Millions of American families are involved in youth sports, with many interested in helping their child earn a D-1 college athletic scholarship to help offset college costs. While only about 5-7% of all high school student athletes will advance to college athletics, a new trend relating to early attrition should be identified and discussed. Specifically, as of 2019 it has been found that about 15% of college scholarship athletes voluntarily walk away (or forfeit) their athletic scholarship, essentially ending their sports career and increasing the cost of their education. Why are so many healthy and talented student athletes voluntarily walking away from sports and entering sport retirement? This is especially intriguing when you take into consideration how much time, money, and energy was previously invested in precisely this goal — to become a D-1 college student athlete. Why end this lifelong dream, and often after just a few months on campus?
Kids are tired, and college sports are a full-time job
For the last 5-10 years I have witnessed more and more freshman college student athletes quickly have doubts about their choice to compete in college. In almost every one of these cases, these student athletes were amazingly talented (many previous state champions in high school), yet after a lifetime of competing in their sport ready to quit after just a few weeks of being on their college team. Some of these student athletes worked through their doubts and eventually remained with the team, but many others quit for good. Think about that for a moment — these are young people who gave their life to their sport, pursued getting a D-1 athletic scholarship, then after just a few practices decided it simply wasn’t worth it. Does that make sense to you?
When I work with athletes questioning whether they still want to compete in college, the following feedback are examples of what I have received:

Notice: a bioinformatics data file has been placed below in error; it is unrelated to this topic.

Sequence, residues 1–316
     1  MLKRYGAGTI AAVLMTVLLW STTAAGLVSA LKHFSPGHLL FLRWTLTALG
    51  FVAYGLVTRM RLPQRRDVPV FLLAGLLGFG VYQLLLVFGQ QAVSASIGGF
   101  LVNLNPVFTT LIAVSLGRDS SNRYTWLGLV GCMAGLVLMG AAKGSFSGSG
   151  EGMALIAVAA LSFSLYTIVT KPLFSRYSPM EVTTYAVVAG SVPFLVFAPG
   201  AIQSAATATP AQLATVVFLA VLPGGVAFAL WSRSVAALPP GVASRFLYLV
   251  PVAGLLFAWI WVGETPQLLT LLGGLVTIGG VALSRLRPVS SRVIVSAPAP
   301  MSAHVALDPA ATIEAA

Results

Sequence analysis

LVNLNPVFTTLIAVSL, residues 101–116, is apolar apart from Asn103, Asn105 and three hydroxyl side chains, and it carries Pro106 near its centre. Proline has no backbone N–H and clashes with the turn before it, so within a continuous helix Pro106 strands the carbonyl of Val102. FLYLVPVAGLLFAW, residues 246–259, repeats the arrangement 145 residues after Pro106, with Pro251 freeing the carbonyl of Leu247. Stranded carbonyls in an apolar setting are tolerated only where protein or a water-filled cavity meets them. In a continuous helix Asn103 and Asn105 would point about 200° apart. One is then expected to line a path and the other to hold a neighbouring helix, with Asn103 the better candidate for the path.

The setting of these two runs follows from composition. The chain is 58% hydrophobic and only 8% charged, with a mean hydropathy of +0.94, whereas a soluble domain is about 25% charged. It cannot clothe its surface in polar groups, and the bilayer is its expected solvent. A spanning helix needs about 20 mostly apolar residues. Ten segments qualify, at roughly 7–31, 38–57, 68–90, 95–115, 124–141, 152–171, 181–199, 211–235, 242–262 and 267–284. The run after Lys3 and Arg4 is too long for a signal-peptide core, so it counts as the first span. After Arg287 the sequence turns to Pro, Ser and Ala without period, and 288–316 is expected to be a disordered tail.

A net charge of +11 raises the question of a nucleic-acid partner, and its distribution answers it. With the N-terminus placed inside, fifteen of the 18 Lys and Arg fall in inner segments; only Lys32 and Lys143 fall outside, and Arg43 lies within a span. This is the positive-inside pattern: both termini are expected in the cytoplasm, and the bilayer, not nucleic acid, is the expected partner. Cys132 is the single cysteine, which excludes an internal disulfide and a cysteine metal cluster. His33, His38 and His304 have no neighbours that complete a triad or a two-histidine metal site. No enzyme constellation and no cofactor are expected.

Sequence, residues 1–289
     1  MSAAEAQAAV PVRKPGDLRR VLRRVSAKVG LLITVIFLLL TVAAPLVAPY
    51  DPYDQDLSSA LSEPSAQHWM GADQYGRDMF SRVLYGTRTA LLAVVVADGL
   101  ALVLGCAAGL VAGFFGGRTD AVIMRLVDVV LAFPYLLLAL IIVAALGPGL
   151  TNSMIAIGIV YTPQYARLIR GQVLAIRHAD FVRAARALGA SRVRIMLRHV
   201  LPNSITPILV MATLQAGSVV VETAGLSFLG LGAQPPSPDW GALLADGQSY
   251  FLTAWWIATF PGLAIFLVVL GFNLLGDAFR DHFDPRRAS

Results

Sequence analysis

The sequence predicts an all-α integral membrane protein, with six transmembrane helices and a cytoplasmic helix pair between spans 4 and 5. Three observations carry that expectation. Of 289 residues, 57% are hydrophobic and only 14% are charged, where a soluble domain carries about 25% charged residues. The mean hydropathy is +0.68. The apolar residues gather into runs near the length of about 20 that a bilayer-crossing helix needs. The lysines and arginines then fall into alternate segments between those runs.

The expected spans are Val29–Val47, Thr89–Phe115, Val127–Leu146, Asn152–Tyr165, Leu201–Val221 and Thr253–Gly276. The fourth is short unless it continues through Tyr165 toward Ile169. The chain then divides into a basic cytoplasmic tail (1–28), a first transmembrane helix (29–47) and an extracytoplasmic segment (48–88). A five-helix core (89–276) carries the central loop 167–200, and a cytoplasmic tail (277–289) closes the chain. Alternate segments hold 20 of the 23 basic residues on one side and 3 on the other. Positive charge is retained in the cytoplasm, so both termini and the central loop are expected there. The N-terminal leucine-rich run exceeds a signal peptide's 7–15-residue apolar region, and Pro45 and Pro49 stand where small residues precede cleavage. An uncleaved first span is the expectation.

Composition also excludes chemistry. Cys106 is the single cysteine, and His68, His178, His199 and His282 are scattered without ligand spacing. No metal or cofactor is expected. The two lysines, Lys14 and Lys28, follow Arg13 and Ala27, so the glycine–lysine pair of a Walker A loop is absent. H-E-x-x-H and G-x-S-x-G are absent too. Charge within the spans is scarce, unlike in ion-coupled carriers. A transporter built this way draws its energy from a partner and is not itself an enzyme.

- Youth sport burnout. Many college athletes considering quitting are simply burned out from playing their sport. Often these are young men and women who began competitive sports very early in life, played year-round with few breaks, and either specialized in one sport, or regularly played 2-3 sports concurrently. The end result? Mental health issues including fatigue, staleness, and eventually sport burnout to the extent where sports feel like work, not fun. Because of sport burnout, they feel compromised and struggle to find the motivation and energy needed to successfully compete at the college level.
- Tired of missing out on everything. For many kids competing in sports today, they do not have the time to do other clubs, activities, and social experiences because they are always doing their sport. By the time college rolls around, many are still longing to do normal college things, including hanging out with friends and going to parties. The idea of juggling a serious sport schedule with a fun social schedule doesn’t usually work, prompting the decision whether to fully commit to the team, or walk away and have the time to fully experience college.
- Did not realize college sports are a job. And finally, college student athletes find out very quickly that college sports are a full-time job! Not only are they held to very challenging practice and school study schedules, they also have to travel, attend team meetings and other functions, manage injuries, and perform at their highest level. Some new college students have also been surprised at how serious things get, including how coaches no longer coddle but instead push very hard for results.
Blindly pursuing a college athletic scholarship without taking time to fully understand what comes with it may be doing a disservice to your child. College sports are big business, and expectations for college student athletes are extremely high — and only becoming more time-intensive. College student athletes do not receive a “free” education, but instead earn every penny (and then some) for their incredible time commitment and related expectations. Incoming college student athletes often arrive at college already mentally fatigued and burned out from 10-15+ years of previous high-intensity youth sports, only to work even harder at college. No, that “full-ride” many sport parents hope their child one day earns comes with many potential pitfalls, caveats, and challenges, and more college athletes are exiting as a result.